"Decades after playing the titular killer in the 80s horror franchise Night of the Reaper, Howard Browning has been reduced to signing autographs for his dwindling fanbase at genre conventions. When the studio announces a series reboot, the aging thespian is crushed to learn he’s being replaced in the iconic role by heartthrob Trevor Mane, a former sitcom child-star who’s fresh out of rehab. Trevor is determined to stay sober and revamp his image while Howard refuses to let go of the character he created, setting the stage for a cross-generational clash over the soul of a monster. But as Howard fights to reclaim his legacy, the sinister alter ego consumes his unraveling mind, pushing him to the brink of violence. Is the method actor succumbing to madness or has the devilish Reaper taken on a life of its own?

In his razor-sharp debut novel, film and television writer Brian McAuley melds wicked suspense with dark humor and heart. Curse of the Reaper is a tightly plotted thriller that walks the tightrope between the psychological and the supernatural, while characters struggling with addiction and identity bring to light the harrowing cost of Hollywood fame."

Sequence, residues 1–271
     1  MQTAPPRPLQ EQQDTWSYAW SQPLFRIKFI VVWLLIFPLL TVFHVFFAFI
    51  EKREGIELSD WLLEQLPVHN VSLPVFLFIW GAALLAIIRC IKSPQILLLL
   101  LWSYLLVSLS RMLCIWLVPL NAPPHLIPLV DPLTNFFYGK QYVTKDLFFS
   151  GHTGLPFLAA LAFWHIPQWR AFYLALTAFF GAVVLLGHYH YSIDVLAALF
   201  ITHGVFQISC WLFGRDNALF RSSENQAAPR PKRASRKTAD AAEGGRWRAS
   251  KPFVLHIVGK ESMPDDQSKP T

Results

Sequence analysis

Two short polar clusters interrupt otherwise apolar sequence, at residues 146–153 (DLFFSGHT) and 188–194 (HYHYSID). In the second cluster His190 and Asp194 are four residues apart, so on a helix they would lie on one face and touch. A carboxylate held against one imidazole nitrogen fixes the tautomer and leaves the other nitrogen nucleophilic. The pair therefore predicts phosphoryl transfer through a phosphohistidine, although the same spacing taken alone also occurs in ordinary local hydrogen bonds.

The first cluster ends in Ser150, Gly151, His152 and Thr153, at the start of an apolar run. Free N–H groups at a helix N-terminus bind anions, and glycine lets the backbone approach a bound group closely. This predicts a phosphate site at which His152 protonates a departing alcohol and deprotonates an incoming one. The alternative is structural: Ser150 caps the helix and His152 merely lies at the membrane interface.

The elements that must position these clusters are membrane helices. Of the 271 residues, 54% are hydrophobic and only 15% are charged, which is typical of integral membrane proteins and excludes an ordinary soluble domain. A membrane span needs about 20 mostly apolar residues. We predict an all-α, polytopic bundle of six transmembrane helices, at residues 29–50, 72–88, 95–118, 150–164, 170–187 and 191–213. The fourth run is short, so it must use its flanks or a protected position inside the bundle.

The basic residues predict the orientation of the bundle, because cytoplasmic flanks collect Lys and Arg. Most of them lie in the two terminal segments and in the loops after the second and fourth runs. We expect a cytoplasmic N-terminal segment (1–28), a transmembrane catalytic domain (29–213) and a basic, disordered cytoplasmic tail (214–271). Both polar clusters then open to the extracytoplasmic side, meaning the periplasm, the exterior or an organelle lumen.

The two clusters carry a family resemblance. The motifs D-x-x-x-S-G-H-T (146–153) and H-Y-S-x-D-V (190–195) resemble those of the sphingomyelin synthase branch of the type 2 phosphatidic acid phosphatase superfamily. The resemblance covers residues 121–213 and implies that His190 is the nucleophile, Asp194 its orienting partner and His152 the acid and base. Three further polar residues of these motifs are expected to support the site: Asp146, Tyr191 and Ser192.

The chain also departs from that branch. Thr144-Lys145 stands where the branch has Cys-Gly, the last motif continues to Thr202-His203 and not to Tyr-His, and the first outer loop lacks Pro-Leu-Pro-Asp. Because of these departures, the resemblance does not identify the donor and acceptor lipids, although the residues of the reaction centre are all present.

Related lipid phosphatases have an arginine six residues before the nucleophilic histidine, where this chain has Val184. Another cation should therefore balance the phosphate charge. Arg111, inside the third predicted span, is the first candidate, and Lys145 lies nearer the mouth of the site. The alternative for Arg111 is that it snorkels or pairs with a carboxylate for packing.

The Last House on Needless Street by Catriona Ward (Tor Nightfire, 2021)

From the publisher:

"In a boarded-up house on a dead-end street at the edge of the wild Washington woods lives a family of three.

A teenage girl who isn’t allowed outside, not after last time.

A man who drinks alone in front of his TV, trying to ignore the gaps in his memory.

And a house cat who loves napping and reading the Bible.

An unspeakable secret binds them together, but when a new neighbor moves in next door, what is buried out among the birch trees may come back to haunt them all."

Night of the Mannequins by Stephen Graham Jones (Tor, 2020)

From the publisher:

"We thought we'd play a fun prank on her, and now most of us are dead.

One last laugh for the summer as it winds down. One last prank just to scare a friend. Bringing a mannequin into a theater is just some harmless fun, right? Until it wakes up. Until it starts killing.

Luckily, Sawyer has a plan. He’ll be a hero. He'll save everyone to the best of his ability. He'll do whatever he needs to so he can save the day. That's the thing about heroes—sometimes you have to become a monster first."

Planetfall (Planetfall #1) by Emma Newman (Ace/Roc, 2015)

From the publisher:

"Renata Ghali believed in Lee Suh-Mi’s vision of a world far beyond Earth, calling to humanity. A planet promising to reveal the truth about our place in the cosmos, untainted by overpopulation, pollution, and war. Ren believed in that vision enough to give up everything to follow Suh-Mi into the unknown.

More than twenty-two years have passed since Ren and the rest of the faithful braved the starry abyss and established a colony at the base of an enigmatic alien structure where Suh-Mi has since resided, alone. All that time, Ren has worked hard as the colony's 3-D printer engineer, creating the tools necessary for human survival in an alien environment, and harboring a devastating secret.